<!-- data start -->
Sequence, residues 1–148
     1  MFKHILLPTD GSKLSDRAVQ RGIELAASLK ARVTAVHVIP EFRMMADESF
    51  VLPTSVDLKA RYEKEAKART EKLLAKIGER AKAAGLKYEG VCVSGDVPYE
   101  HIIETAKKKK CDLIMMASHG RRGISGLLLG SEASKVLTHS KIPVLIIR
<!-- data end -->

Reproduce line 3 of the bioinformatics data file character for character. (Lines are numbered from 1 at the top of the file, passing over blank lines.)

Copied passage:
    51  VLPTSVDLKA RYEKEAKART EKLLAKIGER AKAAGLKYEG VCVSGDVPYE